Michigan Municipal League May/June 2023 Review Magazine
“ The health of a democratic society may be measured by the quality of functions performed by private citizens. ”
-Alexis de Tocqueville, Democracy in America
It was these same themes that Alexis de Tocqueville identified in Democracy in America when he wrote that “the health of a democratic society may be measured by the quality of functions performed by private citizens,” and marveled at the ease in which the American people worked together for the common good. De Tocqueville’s warning that the health of democratic society lies in the functions performed by its citizens is echoed by the League’s experience. So, in the 1980s, the National Civic League coined the phrase, “civic infrastructure” and created a civic index to describe and measure the essential elements of community in which everyone has a role in decision-making and public problem-solving. Few public officials would ever claim that government can build a great community or solve any problem by itself. Anthropologist Margaret Mead once said that we should “never depend upon institutions or government to solve any problem. All social movements are founded by, guided by, motivated, and seen through by the passion of individuals.” Institutions and governments cannot solve community issues on their own—that is the role of residents working hand in hand with one another and leveraging the strength of local groups, associations and institutions. Community is a joint endeavor. Great communities have at their core, strong, inclusive, civic engagement that capitalizes on the ideas and talents of all members of the community to ensure the common good and create lasting health and prosperity for all.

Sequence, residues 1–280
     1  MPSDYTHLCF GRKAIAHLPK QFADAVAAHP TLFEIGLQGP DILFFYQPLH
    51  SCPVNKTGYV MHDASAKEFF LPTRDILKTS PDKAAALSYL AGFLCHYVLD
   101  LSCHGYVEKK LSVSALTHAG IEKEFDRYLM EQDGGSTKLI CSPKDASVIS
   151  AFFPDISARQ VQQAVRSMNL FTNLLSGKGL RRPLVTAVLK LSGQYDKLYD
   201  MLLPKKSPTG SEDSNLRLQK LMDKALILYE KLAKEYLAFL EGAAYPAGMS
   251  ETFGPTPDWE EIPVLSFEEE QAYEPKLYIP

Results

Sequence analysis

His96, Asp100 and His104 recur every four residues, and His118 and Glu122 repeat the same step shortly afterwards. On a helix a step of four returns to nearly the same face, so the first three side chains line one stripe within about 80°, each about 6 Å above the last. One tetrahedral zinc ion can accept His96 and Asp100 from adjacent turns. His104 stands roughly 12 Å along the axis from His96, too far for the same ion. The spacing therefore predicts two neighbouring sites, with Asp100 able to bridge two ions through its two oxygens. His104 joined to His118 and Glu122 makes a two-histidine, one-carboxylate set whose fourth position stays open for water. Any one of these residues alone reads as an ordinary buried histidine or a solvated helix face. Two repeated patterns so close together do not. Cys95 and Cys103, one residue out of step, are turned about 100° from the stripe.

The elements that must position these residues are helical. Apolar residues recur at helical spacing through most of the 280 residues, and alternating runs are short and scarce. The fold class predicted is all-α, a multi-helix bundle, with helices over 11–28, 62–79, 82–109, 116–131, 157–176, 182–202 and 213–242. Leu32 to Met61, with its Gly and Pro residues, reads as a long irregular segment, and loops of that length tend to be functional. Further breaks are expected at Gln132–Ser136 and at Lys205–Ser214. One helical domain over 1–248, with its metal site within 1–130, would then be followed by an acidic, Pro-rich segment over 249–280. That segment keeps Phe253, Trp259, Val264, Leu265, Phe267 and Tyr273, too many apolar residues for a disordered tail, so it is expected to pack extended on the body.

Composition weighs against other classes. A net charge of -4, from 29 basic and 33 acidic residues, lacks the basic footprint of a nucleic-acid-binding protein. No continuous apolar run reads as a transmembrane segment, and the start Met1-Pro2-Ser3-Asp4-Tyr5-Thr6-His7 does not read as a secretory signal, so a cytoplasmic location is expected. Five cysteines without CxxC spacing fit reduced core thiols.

In January 2019 the National Civic League released the fourth edition of the Civic Index, a self-assessment tool consisting of a set of questions that provide a framework for discussing and measuring a community’s civic capital. Since it was first developed in 1986, many communities have used the Civic Index to better understand their civic strengths and to identify gaps or areas in need of further attention, soliciting community input to create a baseline measure of their civic capital, and monitor progress over time as they work to enhance their internal capacity. The Civic Index is intended to be subjective and qualitative; how a community ranks on the index depends on the views of residents and other community stakeholders. And, importantly, the rankings by different parts of the community should not be averaged, lest the differences among various parts of the community be lost. The full Civic Index is available from the National Civic League. This Index describes the seven components of civic capital, provides examples of each, lists the 32 questions that are used to gauge each component, and provides ideas on how to use the index. What follows here is a synopsis of the seven components.
MAY / JUNE 2023
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